Isaiah Standing At The Cross

jesus-on-crossJust as many were astonished at you, so His visage was marred more than any man, and His form more than the sons of men; so shall He sprinkle many nations. Kings shall shut their mouths at Him; for what had not been told them they shall see, and what they had not heard they shall consider. (Isaiah 52:14-15)

Isaiah Standing At The Cross

The prophet Isaiah declares the image of the suffering servant in Isaiah 53 in wondrous tones of love, devotion, horror, pain and sacrifice. Reading the chapter fills the mind with the terrible price paid by God’s Son. It declares the majesty of the sacrifice made by the Father allowing cruel men to abuse His Son so graphically. One cannot help but feel a sense of deep sorrow for the price paid by Jesus Christ.

As with any Bible study, it is important to see what surrounds a passage to gain a fuller meaning of the context. While the whole of the book of Isaiah declares the glory of the Messiah and chapter 53 is read frequently to remember the sacrifice of God’s Son, three verses prior to the 53rd chapter are left out of the picture that bears heavily upon the realization of the suffering servant. The prophet writes as if he is standing beneath the cross of Jesus recording what he sees. Isaiah sees clearly the Messiah hanging on the cursed tree; He has been stricken, crowned with thorns, beaten and bruised, blood covering His body, His face bruised, sweaty, dirty, skin turned pale from exhaustion and fatigue – Jesus has been so mangled He is hardly recognizable.

Isaiah writes that Jesus’ appearance was disfigured more than any man, and His form more than the sons of men. This describes the depth of His suffering. The horrible things done to Jesus during the trials before the Romans and Jews weakened Him. Roman soldiers scourged the Son of God bringing Him near death. Scourging was a horrific means to inflict incredible pain without killing the victim. The taunt back was inflamed with ribbons of flesh torn off the bone in violent blows. Isaiah stands as a silent witness to the disfiguring of the body of Jesus at the hand of the Romans. Following the scourging, Jesus is beaten, spit on, slapped, mocked with a crown of thorns pressed deeply upon His head by the whole garrison of seasoned and cruel soldiers. Crucifixion took the suffering to the most shocking level of suffering.

The mother of Jesus stood beneath the cross barely recognizing her Son. She knew it was Him but how a mother’s eyes could gaze upon what was left of her Son is hard to imagine. Isaiah completes the picture before Jesus was born of how terrible the suffering would be. How often Jesus may have read this portion of Isaiah and thought of His own death is remarkable at best. The prophet declares that in all the suffering endured by the Christ, He acted wisely. Peter would later write how that when Jesus was reviled and suffered in such a terrible manner, the Lord did not revile in return or threaten to destroy those who were killing Him. Jesus committed Himself to His Father to fulfill the work He came to accomplish.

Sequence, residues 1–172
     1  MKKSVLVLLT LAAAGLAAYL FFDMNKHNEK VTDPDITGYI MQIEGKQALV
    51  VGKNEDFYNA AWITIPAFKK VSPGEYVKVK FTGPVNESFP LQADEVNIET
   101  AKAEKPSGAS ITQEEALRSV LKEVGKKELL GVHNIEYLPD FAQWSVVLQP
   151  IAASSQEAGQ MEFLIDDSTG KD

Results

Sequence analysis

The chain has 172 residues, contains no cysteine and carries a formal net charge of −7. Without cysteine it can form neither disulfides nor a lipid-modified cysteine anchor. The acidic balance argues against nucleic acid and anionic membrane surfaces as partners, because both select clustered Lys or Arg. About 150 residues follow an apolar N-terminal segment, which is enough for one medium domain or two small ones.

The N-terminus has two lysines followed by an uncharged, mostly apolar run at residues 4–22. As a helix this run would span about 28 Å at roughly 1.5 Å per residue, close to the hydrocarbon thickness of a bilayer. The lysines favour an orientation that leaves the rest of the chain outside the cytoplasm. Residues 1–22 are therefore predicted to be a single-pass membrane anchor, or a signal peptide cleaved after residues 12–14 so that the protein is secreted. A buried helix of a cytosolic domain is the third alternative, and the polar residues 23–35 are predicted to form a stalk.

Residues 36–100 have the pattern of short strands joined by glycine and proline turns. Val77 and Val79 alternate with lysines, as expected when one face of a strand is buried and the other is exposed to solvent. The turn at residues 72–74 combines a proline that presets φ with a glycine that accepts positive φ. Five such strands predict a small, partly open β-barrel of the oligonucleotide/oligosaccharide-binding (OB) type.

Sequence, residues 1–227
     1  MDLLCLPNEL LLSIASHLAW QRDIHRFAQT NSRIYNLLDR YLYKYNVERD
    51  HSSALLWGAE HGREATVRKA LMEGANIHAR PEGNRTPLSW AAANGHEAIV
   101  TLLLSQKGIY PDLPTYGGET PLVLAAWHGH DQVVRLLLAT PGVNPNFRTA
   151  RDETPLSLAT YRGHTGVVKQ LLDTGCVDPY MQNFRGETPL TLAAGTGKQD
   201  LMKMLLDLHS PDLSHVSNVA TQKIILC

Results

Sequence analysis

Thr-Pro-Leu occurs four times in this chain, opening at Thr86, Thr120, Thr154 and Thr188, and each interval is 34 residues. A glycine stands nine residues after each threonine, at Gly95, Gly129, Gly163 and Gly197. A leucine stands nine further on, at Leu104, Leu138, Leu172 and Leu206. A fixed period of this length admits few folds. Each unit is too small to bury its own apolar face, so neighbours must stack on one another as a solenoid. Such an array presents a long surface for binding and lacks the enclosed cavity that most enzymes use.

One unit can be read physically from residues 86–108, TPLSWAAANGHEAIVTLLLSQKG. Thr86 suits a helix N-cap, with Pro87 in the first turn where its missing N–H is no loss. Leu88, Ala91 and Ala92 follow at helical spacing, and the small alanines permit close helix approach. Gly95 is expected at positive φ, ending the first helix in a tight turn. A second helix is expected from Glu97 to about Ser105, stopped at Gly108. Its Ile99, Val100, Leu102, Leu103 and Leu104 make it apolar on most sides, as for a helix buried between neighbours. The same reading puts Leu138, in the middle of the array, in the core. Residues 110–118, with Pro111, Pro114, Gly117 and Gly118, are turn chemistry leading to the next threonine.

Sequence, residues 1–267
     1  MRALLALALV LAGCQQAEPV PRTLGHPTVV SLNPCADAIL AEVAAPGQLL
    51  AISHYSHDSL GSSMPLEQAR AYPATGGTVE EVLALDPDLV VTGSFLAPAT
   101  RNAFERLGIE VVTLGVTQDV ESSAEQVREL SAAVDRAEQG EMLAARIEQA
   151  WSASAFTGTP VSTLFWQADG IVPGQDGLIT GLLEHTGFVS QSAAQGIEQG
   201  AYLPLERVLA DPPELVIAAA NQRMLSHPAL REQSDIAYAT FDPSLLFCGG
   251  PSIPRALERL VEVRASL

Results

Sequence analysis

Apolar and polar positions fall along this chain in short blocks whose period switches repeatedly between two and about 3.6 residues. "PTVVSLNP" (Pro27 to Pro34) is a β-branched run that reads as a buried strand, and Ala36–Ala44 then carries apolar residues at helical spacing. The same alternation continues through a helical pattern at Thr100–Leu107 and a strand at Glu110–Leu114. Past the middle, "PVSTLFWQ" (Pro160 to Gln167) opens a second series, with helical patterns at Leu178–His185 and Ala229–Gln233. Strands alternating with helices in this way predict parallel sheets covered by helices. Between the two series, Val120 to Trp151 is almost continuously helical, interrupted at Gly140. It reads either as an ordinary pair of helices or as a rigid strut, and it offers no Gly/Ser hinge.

Do not forget to read the introduction to the suffering servant of Isaiah 53 and see a mangled body given for our sins. It was not a pretty sight. The price paid by Jesus was huge. He suffered more than we can begin to imagine. He paid the debt for our sin and paid a huge price. Join Isaiah and stand at the cross. You will not be able to look long before falling on your knees and begging forgiveness. Jesus suffered because of me. Jesus suffered because of you. We bear the guilt. He gave us redemption.

In the cross and Him who hung upon it, all things meet; all things subserve it, all things need it, it is their center and interpretation. For He was lifted up on it, that He might draw all men and all things to Him. (John Henry Newman, Parochial and Plain Sermons, VIII, 1843)

This entry was posted in Uncategorized. Bookmark the permalink.

Leave a Reply

Fill in your details below or click an icon to log in: Logo

You are commenting using your account. Log Out /  Change )

Google photo

You are commenting using your Google account. Log Out /  Change )

Twitter picture

You are commenting using your Twitter account. Log Out /  Change )

Facebook photo

You are commenting using your Facebook account. Log Out /  Change )

Connecting to %s